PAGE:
When Gwyneth Paltrow and Chris Martin announced in 2014 that they were “consciously uncoupling” they were met with mockery and derision. Six years on, Gwyneth Paltrow has written a letter published in last month’s Vogue to explain the reasoning behind the term, and it’s not so foolish as it first sounds. Gwyneth herself describes the term a “a bit full of itself, painfully progressive and hard to swallow” but the sentiment behind the phrase is surely something that the vast majority of separated parents could get behind – the aim is to ensure that first and foremost, children are not hurt by their parents’ separation.
Celebrity divorces have often been reported in the press as aggressive and painful affairs, with each party out to take the other “to the cleaners”. The lives of the children living at the centre of that conflict are often forgotten. For many people, their experience and understanding of divorce comes from the media’s reporting of celebrity divorces. Chris Martin and Gwyneth Paltrow sought to rewrite this narrative and in fact their experience fits into a positive trend of reducing conflict on divorce. There is a growing amount of research to show that reduced conflict between parents is beneficial for children and over the years, we have seen an increased uptake on alternative methods of dispute resolution – for example mediation – particularly between separated couples with children.
The court system is not necessarily best placed to deal with children disputes. In fact, the court applies the “no order” principle in this area of law, which requires a judge to specifically consider whether making an order is in the best interests of the child, as opposed to having no order at all and simply a record of the child arrangements. Further, courts are increasingly overstretched and arranging court time to hear such disputes is not top of the priority list unless there are safeguarding issues. Courts are becoming less willing to intervene in these types of disputes – a prime example is this recent judgment of HHJ Wildblood QC at a family court in Bristol. In his judgment, he states:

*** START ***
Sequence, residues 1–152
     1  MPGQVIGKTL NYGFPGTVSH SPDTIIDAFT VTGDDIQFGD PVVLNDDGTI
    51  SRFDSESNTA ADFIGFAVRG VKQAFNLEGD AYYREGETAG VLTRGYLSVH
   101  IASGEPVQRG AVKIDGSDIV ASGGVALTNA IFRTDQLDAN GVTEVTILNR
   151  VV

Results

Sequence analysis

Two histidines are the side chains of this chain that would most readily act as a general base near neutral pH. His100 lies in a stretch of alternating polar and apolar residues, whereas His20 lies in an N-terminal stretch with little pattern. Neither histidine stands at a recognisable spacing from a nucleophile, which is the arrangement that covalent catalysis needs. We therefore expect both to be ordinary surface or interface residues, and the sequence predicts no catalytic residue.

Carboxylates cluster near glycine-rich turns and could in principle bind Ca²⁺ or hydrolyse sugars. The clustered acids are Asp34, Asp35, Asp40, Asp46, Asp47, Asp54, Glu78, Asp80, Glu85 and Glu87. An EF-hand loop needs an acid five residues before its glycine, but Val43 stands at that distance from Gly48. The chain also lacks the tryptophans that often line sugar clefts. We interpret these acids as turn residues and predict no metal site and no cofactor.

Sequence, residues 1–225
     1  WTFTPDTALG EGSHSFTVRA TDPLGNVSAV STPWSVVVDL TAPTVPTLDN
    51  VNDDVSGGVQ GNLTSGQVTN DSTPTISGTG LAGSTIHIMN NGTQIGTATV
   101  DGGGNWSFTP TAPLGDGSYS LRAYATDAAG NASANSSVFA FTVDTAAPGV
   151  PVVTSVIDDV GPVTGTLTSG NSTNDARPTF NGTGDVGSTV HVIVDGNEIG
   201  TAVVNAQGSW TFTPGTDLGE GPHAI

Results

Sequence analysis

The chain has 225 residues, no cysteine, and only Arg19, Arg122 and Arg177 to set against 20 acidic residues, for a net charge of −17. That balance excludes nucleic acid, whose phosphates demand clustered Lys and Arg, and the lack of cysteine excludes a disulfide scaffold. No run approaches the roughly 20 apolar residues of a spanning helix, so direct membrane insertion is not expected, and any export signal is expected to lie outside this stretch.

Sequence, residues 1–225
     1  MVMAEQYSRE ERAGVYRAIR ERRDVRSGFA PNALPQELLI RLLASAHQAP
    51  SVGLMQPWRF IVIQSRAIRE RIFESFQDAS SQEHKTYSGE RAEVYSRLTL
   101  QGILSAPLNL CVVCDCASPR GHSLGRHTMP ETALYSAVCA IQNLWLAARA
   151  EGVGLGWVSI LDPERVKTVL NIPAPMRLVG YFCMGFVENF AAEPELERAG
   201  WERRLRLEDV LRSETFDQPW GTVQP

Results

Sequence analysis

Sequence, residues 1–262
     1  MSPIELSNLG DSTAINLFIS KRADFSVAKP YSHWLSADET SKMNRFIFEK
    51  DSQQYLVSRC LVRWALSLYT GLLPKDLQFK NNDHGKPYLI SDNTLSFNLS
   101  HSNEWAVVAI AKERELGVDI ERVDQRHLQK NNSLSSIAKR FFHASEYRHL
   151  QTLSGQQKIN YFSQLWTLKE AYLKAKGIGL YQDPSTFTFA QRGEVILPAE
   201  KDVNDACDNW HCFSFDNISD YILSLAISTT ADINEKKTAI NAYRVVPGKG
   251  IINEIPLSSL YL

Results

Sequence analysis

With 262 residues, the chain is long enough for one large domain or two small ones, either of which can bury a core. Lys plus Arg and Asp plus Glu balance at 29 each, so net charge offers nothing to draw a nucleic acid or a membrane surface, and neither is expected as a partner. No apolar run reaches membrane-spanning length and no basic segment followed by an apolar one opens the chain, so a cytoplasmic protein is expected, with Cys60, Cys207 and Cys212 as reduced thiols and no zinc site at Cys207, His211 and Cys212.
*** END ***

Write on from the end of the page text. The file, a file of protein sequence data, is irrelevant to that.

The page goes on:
“The message in this judgment to parties and lawyers is this, as far as I am concerned. Do not bring your private law litigation to the Family court unless it is genuinely necessary for you to do so. You should settle your differences (or those of your clients) away from court, except where that is not possible. If you do bring unnecessary cases to this court, you will be criticised, and sanctions may be imposed on you. There are many other ways to settle disagreements, such as mediation.”
HHJ Wildblood QC is not alone – many other members of the judiciary adopt a similar approach and do not take too kindly to parents who have issued court proceedings without having first considered an alternative method of resolving their dispute.
Of course, “conscious uncoupling” is far from the reality for many separated parents. Judicial intervention is required for various reasons in countless situations. In such circumstances, a parent would not be criticised for bringing their dispute before the court.
In her letter to Vogue, Gwyneth Paltrow takes the view that the idea of conscious uncoupling has “permeated the break-up culture”. While I cannot foresee the term “conscious uncoupling” catching on, Chris Martin and Gwyneth Paltrow have certainly given an example to follow for couples seeking an amicable separation.
If you and your ex are able to discuss matters amicably, you should still seek legal advice at the earliest opportunity. A good family lawyer should be able to assist you in minimising conflict later down the line and can facilitate out of court dispute resolution methods such as arbitration and mediation. Here at Silk, all of our lawyers are family law specialists and experts in our field, so we are well-equipped to advise you whatever your family’s circumstances.
This blog post was written by Silk Family Law solicitor, Eleanor Lowes. As a member of the national professional membership organisation for family lawyers, Resolution, Eleanor is committed to promoting a constructive and non-confrontational approach to family issues. In particular the Resolution code of practice prioritises acting in the best interests of children.
Image credits: Kevin Gent and Hutomo Abrianto on Unsplash.